Mental Health and Spirituality

Historically Christians have struggled with mental health and how to care for those who suffer from mental illness.  I was recently read a blog post by a pastor whose wife suffered from severe bouts of depression.  He reached out to his fellow ministers and asked for advice.  The first response was that his wife needed to go to a healing service, then others chimed in about the need for her to spend more time in prayer and meditation, then another suggested she was under attack by a demonic spirit and needed to have that spirit cast out.  To each of these responses the pastor responded that he had tried all of these approaches with his wife and none of them had healed her.  No one on that blog ever suggested that his wife may have a medical condition that needed to be treated by a mental health professional. 

My husband suffers from Thyroid disease.  The Thyroid disease manifests it’s self in a way similar to depression.  He has low energy, is irritable, and feels depressed.   Prior to his diagnosis, there were days that I wondered if we would make it; days I did not want to be around him.  Thankfully, he went to the doctor, went through testing, and they figured out what was wrong.  Every day he takes synthroid to replace what his body is not able to produce on its own.    There are day’s he forgets or runs out and he returns to that grumpy, what I perceive as lazy, unpleasant person.  Had he gone to the church with his symptoms he would have heard the advice I listed above, pray more, meditate more, put God at the center of your life.  All those suggestions are great and may bring temporary relief to his suffering spirit, however,  he would still be sick and in need of medical care.

I am not suggesting that people with depression have thyroid disease, but what I am suggesting is that some people with depression have a medical condition that requires medical treatment and that this is in no way the fault of the person with the condition.  I see so many people who suffer from mental illness who refuse to seek help from a mental health professional and instead turn to the church or to spiritual advisors seeking help.  When they are unable to pray themselves out of their condition, they become defeated, more depressed and feel alienated from God.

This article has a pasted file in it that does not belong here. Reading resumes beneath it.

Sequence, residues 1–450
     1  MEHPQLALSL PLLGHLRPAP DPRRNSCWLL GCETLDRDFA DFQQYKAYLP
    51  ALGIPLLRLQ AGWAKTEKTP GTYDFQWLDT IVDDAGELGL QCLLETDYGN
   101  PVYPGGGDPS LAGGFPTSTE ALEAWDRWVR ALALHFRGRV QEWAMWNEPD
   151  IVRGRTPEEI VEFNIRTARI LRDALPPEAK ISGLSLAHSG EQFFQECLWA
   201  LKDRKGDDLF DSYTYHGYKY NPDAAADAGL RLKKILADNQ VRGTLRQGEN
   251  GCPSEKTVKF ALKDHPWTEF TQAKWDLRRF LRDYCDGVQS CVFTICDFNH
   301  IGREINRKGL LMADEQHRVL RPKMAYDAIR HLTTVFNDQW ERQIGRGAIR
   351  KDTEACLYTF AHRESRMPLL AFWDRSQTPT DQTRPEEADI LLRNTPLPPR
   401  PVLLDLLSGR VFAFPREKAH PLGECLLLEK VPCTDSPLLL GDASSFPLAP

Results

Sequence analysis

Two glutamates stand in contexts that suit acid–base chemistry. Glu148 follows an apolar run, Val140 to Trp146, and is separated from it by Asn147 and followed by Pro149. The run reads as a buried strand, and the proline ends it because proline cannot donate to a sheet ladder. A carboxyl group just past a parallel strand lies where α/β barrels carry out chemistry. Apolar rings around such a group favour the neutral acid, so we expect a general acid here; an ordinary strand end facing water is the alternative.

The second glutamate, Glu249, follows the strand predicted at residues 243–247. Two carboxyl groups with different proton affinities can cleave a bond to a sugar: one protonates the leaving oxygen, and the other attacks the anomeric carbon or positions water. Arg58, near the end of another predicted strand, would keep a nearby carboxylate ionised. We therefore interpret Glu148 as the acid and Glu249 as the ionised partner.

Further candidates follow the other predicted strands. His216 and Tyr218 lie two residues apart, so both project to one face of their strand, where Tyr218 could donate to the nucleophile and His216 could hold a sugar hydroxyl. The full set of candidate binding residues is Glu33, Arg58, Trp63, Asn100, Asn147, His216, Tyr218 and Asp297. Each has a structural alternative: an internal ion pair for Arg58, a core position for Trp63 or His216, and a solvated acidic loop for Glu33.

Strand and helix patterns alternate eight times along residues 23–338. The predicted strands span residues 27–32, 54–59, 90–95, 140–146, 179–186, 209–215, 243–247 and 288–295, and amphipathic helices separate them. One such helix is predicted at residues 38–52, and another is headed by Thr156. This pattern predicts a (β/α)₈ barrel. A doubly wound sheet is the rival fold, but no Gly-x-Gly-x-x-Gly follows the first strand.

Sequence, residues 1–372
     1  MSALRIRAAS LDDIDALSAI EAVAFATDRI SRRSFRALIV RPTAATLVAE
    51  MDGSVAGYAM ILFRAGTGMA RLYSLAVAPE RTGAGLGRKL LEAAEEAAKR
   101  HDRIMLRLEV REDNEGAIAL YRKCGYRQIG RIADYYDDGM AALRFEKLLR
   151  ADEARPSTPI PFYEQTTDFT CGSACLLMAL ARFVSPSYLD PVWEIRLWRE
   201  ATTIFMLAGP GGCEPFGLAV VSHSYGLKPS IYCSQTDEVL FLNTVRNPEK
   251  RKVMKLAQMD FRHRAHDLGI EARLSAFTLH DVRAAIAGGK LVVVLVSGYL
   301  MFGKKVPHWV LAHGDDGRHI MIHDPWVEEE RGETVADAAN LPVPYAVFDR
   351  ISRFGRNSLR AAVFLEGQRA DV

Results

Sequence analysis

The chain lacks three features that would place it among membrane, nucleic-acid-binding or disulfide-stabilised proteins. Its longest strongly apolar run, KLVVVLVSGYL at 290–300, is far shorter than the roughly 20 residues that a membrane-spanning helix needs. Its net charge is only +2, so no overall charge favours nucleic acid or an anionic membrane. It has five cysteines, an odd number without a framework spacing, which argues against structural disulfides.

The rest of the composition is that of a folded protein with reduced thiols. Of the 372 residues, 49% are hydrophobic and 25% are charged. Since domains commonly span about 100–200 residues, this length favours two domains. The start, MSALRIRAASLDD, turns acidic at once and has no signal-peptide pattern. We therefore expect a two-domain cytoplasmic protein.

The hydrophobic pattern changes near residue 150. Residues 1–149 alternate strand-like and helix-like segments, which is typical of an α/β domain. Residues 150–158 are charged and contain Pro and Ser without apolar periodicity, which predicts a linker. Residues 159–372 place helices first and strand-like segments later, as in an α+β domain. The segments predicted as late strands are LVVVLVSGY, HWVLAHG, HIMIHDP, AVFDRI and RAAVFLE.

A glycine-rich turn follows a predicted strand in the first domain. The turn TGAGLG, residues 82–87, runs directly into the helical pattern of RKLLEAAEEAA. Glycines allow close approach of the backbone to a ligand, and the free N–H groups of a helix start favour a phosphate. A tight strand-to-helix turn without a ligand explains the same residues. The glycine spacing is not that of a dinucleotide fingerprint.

I am not trying to minimize the power of prayer; I believe prayer is core to our spiritual health.  However, I think we often confuse spiritual health and mental health.  I think the two often look very similar.   I personally suffer with situational anxiety.  I lead a very dynamic and often chaotic agency that seems to change daily.  I work with individuals who are themselves very fragile, many of whom suffer from mental illness which makes our work environment one of constant challenges.  Conflict and change create anxiety and I have not yet learned to manage either as well as I would like.  However, I do not suffer from an anxiety disorder.  My anxiety is directly linked to my work environment.   If I stay in prayer and remember that God is in control of the chaos, then I am able to manage my anxiety.  When I fail to pray or begin to think that somehow I am in control of the agency, I become overwhelmed by anxiety and I either shut down or try to take control of things both of which lead to more anxiety and conflict.  My issues can be managed through healthy spiritual practices and do not require medical treatment.

However, I think as people of faith and spiritual leaders, we must recognize that there are mental conditions that can only be managed through medical treatment.  It takes discernment for pastoral care providers to recognize when an issue is bigger than ones spirituality.  None of us would go to our primary care physician for neurosurgery.  However, there are spiritual leaders who are treating serious mental illness as a simple lack of faith; this is like treating cancer like a common cold.  This is not only disturbing, it is dangerous.  I have personally almost lost three people to suicide in the last year alone, all of whom felt that if God wanted them healed then they would be healed.  Not finding that healing, they assumed their life was not worth living.  I recently saw one of these individuals and he shared that after his suicide attempt, he was put on anti-depressants and that he now is able to manage his depression.  As a pastor, it is hard to admit that I did not have what Joe needed, but I am thankful that God led him to a source of healing.  I pray we as people of faith and especially pastoral care providers will learn more about mental illness and will develop better partnerships with mental health professionals.    I pray that the community of faith would begin to talk openly and honestly about mental health and that we would treat the victims of these illnesses like we do any other sick person who is seeking treatment, instead of blaming the patient and telling the patient to heal themselves, we would instead drive them to the doctor and pray for their healing.



Filed under Urban Ministry

4 responses to “Mental Health and Spirituality

  1. Dear Wendy,